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Parents often give a large sum of money to one of their children during life with the intention of making that gift an advancement against the child’s inheritance. Many times the parents making the gift are reluctant to explain their intention to their children because they do not want to hurt their feelings. Some of the gifts occur during special occasions such as weedings which could blur the line as to whether the gift is a true gift or if it was going to count against their inheritance.
When this situation happens and a parent passes away without an estate plan, that gift against the child’s inheritance is called “advancement.” Usually, in a situation where a parent leaves no estate plan, this could result in fighting amongst the siblings as to whether to count the gift as an advancement or a gift given during the parent life time, an” inter vivos gift”.
The law on advancement is complicated and could lead to some contentious litigation. Generally, in order for a transfer of property to be considered an advancement there must be a showing of an intention on the part of the parent to treat the transfer as part of the child’s inheritance. An advancement is an irrevocable gift, usually made by a parent to a child wherein the parent intends for it to be charged against the child’s share of the estate should the parent dies without a will or trust. The doctrine of advancements is based on the assumption that a parent would prefer that his children share equally in his estate so that one child is not preferred to another.
This doctrine originated in several early English statutory enactments and has become part of the common law of the United States. Most jurisdictions in the United States, however, have enacted statutes modifying the common law of advancements in one way or another, usually with the purposes of settling disputed or doubtful points, clarifying the doctrine, and preventing fraud.
Many states have enacted provisions of the Uniform Probate Code, or similar provisions, allowing for an advancement although the decedent did not otherwise so intend, provided that certain conditions specified in the statute exist. Some states, such as California and Nebraska, have statutorily modified the common law to expand application of the doctrine of advancements to inter vivos gifts made by one who dies and leaves a will. For this reason, it is important that counsel consult any applicable state statute when dealing with a case involving a question of advancement.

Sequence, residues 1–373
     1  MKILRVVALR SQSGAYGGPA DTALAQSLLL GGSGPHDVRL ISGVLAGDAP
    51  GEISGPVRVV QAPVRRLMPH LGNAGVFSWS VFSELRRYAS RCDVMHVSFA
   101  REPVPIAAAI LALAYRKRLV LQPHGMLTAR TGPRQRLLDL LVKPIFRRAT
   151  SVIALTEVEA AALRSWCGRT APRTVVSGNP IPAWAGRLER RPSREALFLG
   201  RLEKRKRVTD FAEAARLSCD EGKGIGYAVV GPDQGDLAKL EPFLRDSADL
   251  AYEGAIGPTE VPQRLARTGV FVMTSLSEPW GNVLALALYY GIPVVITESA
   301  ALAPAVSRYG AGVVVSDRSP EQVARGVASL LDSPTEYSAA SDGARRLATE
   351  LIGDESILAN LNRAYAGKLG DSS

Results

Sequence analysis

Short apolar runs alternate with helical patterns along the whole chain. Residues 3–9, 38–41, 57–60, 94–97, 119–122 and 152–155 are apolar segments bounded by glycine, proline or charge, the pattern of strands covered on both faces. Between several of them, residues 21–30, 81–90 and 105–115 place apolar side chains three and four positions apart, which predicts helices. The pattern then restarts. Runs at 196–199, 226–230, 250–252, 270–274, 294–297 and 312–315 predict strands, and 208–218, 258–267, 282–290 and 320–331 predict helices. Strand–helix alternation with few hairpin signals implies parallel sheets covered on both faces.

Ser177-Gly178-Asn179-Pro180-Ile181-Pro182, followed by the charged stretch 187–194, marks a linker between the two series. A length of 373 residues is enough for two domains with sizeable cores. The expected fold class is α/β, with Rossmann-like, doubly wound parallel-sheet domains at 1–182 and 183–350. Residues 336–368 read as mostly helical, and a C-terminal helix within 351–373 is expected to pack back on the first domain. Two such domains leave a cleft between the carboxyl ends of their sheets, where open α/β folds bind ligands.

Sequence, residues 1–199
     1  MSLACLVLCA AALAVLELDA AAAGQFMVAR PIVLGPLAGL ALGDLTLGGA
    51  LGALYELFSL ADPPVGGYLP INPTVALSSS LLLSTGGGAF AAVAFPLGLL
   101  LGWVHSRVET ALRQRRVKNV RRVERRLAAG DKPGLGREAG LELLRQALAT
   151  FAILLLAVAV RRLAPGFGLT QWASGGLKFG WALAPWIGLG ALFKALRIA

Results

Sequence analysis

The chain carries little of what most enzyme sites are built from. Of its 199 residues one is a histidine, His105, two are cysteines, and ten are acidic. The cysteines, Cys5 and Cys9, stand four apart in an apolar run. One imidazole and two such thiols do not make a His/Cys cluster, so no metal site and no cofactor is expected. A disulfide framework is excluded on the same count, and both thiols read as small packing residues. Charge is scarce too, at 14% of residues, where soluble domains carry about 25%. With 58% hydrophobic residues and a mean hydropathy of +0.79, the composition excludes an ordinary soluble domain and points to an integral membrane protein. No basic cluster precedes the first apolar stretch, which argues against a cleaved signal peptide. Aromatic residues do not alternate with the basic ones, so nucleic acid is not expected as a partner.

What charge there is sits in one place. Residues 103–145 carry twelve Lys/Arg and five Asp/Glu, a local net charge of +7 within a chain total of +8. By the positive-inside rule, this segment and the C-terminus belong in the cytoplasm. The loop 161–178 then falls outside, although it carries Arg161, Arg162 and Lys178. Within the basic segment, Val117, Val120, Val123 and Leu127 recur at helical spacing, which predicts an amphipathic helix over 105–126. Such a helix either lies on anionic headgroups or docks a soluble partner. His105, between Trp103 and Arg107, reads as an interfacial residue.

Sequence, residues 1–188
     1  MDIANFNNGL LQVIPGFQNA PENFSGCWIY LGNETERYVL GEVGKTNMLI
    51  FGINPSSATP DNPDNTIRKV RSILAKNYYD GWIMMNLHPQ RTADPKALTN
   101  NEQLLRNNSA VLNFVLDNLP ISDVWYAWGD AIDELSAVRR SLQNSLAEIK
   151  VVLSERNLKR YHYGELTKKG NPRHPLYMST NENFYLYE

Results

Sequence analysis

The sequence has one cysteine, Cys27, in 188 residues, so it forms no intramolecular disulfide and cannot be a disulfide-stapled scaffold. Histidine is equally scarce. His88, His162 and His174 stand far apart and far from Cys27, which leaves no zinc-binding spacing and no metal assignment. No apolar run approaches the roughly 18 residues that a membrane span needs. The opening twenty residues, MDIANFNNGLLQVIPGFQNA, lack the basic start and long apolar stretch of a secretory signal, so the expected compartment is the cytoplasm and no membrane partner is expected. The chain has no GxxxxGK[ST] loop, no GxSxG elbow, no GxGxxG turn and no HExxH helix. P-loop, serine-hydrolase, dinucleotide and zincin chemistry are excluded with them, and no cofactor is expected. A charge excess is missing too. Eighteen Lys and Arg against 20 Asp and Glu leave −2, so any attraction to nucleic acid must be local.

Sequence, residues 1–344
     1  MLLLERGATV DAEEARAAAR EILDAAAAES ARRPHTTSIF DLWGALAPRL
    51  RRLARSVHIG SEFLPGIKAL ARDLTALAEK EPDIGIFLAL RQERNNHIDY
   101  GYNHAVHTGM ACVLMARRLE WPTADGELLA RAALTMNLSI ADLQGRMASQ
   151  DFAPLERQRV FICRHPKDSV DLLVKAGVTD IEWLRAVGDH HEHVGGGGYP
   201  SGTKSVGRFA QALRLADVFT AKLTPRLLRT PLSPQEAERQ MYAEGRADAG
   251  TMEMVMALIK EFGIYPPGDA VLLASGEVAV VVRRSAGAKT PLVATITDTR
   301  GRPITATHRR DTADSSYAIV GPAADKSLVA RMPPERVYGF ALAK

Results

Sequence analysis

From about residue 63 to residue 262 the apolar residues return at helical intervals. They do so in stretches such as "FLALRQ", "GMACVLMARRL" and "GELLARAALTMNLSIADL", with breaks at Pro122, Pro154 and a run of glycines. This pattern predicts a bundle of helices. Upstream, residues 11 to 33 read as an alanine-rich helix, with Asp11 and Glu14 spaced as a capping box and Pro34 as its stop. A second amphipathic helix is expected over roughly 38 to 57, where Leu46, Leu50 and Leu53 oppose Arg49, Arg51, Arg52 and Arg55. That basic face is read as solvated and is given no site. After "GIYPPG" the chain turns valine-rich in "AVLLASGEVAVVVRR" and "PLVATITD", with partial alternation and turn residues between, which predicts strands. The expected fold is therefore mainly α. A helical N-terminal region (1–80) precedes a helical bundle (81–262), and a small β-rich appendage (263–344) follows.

The question whether a particular transfer constitutes an advancement usually arises in the course of proceedings after the parent’s death to determine the distribution of his or her estate. Such proceedings are usually initiated by the administrator of the parent’s estate (usually the oldest sibling) or by petition to the probate court by another child, seeking a declaration that the sibling’s share of the estate should be reduced by the amount of the gift. In certain situations, such as where an administrator asserts that a transfer was a loan, the child himself may petition the court for a declaration that the transfer was an advancement, subject to setoff rather than repayment.
If you pass away leaving behind a will or trust, the terms of that document control the amount of your loved ones’ inheritances. So, if you give your child a large gift during your lifetime and did not account for it in your Will or Trust, then the terms of the document control the distribution of your estate. Your remaining beneficiaries can’t request that the gift be treated as an advancement on that child’s inheritance.
If you intend to treat a lifetime gift to a loved one as an advancement against his or her inheritance, you’ll want to put it in writing, preferably in your will or trust.
The purpose of this column is to provide general information on the law, which is subject to change. It is not legal advice. Consult a lawyer if you have a specific legal problem.
Published: April 4, 2013 – Volume 11 – Issue 51